Newspaper article Charleston Gazette Mail

DeVos, GOP Reach out to Historically Black Colleges

Newspaper article Charleston Gazette Mail

DeVos, GOP Reach out to Historically Black Colleges

Article excerpt

By Susan Svrluga The Washington Post

WASHINGTON - After Education Secretary Betsy DeVos visited Howard University this month as one of her first actions in office, a group of student protesters called for President Donald Trump to be barred from the District of Columbia campus and for the school to reject federal funding during his administration. It was a moment that showed the suspicion and hostility some people at a prominent and historically black university feel toward the new president and the Republican-controlled Congress. In the 2016 election, exit polls showed black voters overwhelmingly opposed Trump. But DeVos's overture was symbolic of a visible outreach from the GOP to historically black colleges and universities, known as HBCUs.

"This is important to me personally, said Rep. Mark Walker, a Republican from North Carolina who along with Sen. Tim Scott, R- S.C., plans to lead a discussion with more than 85 presidents and chancellors of HBCUs Tuesday at the Library of Congress. House Speaker Paul Ryan, R-Wis., and Sen. Marco Rubio, R-Fla., are expected to attend, and DeVos will deliver the keynote address. The White House also is said to be planning an executive order related to HBCUs.

Advocates of HBCUs are mindful of skepticism about the outreach.

"It is unprecedented, said Johnny Taylor, president of the Thurgood Marshall College Fund, which supports HBCUs. "It's really, really bizarre, is the only thing I can say. It's so counterintuitive you can't make it up.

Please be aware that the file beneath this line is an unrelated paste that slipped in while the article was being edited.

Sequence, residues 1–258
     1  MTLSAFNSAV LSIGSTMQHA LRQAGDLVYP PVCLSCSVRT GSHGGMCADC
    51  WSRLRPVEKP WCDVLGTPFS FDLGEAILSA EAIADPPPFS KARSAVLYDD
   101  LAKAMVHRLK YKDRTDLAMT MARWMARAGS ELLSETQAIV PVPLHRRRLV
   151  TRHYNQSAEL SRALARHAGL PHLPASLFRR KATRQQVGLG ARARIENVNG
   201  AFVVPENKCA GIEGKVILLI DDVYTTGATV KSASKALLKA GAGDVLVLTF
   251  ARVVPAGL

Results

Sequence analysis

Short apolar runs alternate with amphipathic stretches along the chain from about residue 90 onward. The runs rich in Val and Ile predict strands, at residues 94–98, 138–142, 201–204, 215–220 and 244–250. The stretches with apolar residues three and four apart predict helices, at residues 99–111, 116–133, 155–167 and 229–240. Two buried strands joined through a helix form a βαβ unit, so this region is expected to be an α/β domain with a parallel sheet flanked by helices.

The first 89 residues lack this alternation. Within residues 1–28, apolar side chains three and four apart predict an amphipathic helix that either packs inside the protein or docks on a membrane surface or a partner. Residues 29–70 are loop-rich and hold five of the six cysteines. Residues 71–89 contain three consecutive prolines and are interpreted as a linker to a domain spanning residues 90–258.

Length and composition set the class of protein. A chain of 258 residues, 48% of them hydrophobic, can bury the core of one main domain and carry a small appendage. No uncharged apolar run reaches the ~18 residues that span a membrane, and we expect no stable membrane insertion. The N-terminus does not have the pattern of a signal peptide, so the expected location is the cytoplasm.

Taylor said he has spent a lot of time on the phone in recent days, talking with presidents and chancellors who are skeptical of the motives. "People said, What's this about? Is it just a photo op? . . . Is this some sort of a planned effort to convert our campuses to support the Republican Party?'

"People were really, really suspicious about it.

But Marybeth Gasman, a professor of higher education at the University of Pennsylvania and director of the Penn Center for Minority Serving Institutions, said that over the past 50 years, such schools have had bipartisan support. Funding levels have stayed relatively the same, by and large, over that time. Meetings with members of Congress happen routinely, she said.

Both Bush presidencies were supportive of historically black colleges, Gasman said. And every president since Jimmy Carter has issued an executive order about them. She was dismissive of the idea that Omarosa Manigault, director of communications for the White House Office of Public Liaison and an alumna of historically black universities, would be a powerful ally for the schools. "She may have gone to HBCUs, Gasman said, "but she really knows nothing about education.

Last month, billionaire Charles Koch, well known for his support of conservative political causes but also a major donor to education, announced he would give nearly $26 million to help launch a research center with the Thurgood Marshall College Fund.

During the Obama administration, HBCU leaders applauded the expansion of Pell grants and other steps taken to support access to higher education. But many hoped that the first black president would do more for their schools. Some were upset a few years ago by a decision by the Education Department - later revised - to tighten lending standards for parents borrowing money for their children's educations.

Student and parent debt and low graduation rates have plagued many of the schools, but university officials are ready to make their case for the importance of the more than 100 historically black colleges and universities in supporting and educating African American leaders. Three-quarters of all doctorates awarded to black people, three-quarters of all black officers in the U.S. military and 80 percent of black federal judges got their undergraduate degree at such a school, according to the Education Department. …

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